More 'investable' IoT ideas needed in Singapore

Huawei partners National University of Singapore's entrepreneurial unit to launch an accelerator focused on Internet of Things, offering startups access to testbed infrastructure and mentorship.

Huawei has partnered the National University of Singapore's (NUS) entrepreneurial unit to introduce an accelerator focused on Internet of Things (IoT), promising startups access to the necessary ecosystem to market their ideas.

Five startups would be selected to participate in the initiative, called i5Lab, where they would be able to speak with potential investors and mentors--through NUS Enterprise's guidance--as well as testbed their ideas using Huawei's technology infrastructure and expertise.

Speaking to media at the launch Monday, Wong Poh Kam, director of NUS Entrepreneurship Centre, noted the current lack of "investable startups" in the IoT realm. This, he said, was partly due to technical challenges these companies faced in ensuring their software products could work on various networks and were compatible with the myriad of devices in the market today.

Startups also would need to test their products, but often lacked access to a consumer base they could use as pilots, said Wong, whose centre is part of NUS Enterprise. He hoped this would change with better access to industry help such as i5Lab, adding that ideas also could come from existing SMBs, which existing offerings might be improved by adding an IoT component.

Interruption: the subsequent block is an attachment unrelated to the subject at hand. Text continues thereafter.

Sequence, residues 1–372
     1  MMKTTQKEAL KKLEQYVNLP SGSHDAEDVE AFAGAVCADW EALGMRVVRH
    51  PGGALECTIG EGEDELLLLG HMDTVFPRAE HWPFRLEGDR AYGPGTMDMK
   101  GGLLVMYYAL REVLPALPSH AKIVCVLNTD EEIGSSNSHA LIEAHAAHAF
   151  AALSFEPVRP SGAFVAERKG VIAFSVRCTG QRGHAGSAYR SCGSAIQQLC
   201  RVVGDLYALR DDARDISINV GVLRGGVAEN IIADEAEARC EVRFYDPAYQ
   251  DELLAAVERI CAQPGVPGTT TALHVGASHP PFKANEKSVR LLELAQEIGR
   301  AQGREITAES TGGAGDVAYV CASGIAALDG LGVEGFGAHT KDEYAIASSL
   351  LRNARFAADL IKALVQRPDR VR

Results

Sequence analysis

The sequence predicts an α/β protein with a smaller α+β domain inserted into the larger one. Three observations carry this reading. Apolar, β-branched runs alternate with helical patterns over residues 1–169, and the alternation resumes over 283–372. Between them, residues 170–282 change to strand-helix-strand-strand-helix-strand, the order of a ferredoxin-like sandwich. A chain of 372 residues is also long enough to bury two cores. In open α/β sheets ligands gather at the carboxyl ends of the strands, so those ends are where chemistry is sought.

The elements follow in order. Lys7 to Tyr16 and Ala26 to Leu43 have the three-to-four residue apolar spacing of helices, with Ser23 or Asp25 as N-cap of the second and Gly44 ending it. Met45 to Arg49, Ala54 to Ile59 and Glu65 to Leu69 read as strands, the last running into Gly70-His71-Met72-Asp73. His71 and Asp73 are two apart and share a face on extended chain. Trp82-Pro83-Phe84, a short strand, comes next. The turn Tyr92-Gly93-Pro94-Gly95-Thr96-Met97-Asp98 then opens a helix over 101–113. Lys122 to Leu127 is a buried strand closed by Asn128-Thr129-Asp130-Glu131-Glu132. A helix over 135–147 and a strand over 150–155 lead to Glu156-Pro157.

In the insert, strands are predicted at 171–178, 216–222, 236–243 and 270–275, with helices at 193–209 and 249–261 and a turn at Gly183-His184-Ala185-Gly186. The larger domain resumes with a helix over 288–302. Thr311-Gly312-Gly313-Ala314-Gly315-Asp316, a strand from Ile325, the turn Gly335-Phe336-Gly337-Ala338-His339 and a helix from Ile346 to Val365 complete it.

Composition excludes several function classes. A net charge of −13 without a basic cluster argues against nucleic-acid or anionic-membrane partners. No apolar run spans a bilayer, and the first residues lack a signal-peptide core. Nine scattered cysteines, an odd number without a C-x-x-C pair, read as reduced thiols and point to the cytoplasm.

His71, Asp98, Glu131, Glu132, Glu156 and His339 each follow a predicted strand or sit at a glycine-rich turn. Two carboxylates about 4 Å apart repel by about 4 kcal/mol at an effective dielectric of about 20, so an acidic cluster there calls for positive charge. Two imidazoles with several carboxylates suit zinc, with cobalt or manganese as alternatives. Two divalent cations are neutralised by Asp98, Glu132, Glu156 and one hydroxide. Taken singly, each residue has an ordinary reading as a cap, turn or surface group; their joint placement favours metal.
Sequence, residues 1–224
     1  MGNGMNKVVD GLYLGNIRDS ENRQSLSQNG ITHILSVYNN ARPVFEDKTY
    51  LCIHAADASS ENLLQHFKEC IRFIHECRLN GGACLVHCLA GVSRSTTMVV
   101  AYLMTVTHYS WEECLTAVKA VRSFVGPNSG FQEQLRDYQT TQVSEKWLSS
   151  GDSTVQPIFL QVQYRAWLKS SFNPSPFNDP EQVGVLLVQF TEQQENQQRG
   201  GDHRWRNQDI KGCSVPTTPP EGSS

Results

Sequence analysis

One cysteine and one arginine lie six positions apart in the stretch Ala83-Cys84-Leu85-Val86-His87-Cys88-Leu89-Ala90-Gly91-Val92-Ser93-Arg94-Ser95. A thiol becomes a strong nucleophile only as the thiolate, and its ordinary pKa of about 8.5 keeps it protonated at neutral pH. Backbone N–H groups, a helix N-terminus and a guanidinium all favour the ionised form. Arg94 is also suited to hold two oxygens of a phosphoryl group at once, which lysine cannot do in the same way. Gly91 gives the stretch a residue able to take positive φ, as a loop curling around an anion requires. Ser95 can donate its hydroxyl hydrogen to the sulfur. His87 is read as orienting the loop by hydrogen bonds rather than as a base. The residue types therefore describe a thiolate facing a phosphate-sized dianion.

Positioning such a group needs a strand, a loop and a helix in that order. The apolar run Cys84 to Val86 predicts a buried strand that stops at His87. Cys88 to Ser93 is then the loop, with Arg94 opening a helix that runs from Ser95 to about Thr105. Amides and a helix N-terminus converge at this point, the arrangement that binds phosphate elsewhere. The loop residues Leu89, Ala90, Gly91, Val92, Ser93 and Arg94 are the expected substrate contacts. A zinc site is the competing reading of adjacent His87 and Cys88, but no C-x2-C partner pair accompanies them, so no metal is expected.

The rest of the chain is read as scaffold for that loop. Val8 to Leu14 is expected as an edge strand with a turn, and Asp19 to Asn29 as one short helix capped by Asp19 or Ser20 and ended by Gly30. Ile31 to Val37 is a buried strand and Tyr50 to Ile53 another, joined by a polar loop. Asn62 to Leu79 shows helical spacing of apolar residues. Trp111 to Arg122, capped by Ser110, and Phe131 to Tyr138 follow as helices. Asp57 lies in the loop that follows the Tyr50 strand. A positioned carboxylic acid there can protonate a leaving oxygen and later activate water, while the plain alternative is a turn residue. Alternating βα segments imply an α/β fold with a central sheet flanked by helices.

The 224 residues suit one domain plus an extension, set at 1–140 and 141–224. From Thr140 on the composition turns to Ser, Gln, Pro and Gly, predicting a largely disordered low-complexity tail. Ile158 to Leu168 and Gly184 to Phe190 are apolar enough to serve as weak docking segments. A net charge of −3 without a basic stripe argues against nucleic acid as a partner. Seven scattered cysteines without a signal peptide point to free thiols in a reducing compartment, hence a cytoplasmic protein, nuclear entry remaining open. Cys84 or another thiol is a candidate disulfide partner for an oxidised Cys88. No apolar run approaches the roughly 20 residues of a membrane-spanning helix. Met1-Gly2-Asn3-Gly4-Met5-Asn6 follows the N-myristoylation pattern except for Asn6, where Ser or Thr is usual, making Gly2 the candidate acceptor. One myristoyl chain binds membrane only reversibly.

According to Lee Chee Siong, Huawei's South Pacific region CMO and head of strategy and marketing department, the accelerator was the Chinese tech vendor's first such initiative globally and part of its Customer Solution Innovation & Integration Experience Center (CSIC) programme here.

While the executives did not want to provide specifics on how much would be invested in i5Lab, Lee said Huawei had committed S$5 million (US$3.62 million) to the CSIC initiative, which was scheduled to be ready by end-2016.

Under the new accelerator programme, Huawei would have first dips at the startups' IoT concepts, with the option to invest or integrate the products into its own portfolio, or sell them to other interested parties.

Asked how it would make such decisions, Chee said the primary objective here should be solving business issues Huawei customers faced.

"The key point always is this: whether an IoT solution is investable depends on its business case," he said, adding that this meant finding ways to resolve real-world, on-the-ground business and social problems.

IoT ideas still in the concept stage would be tested at Blk71, home to many of Singapore's startups and VCs, while more developed products would be tested at Huawei's lab and with the vendor's customers, Lee said. Where necessary, he noted, this would include security validation and certification processes.

Wong also noted that IoT products with the right potential could be pitched to the Singapore government for deployment as part of the country's smart nation initiative or scaled out for launch in other countries. He added that the accelerator was open to individuals, not just startups.

Interested participants have until January 31, 2017, to submit their business ideas to i5Lab for consideration. Shortlisted startups, to be identified in February, will be part of the accelerator programme until July 2017, including a product showcase at InnovFest 2017 in May.

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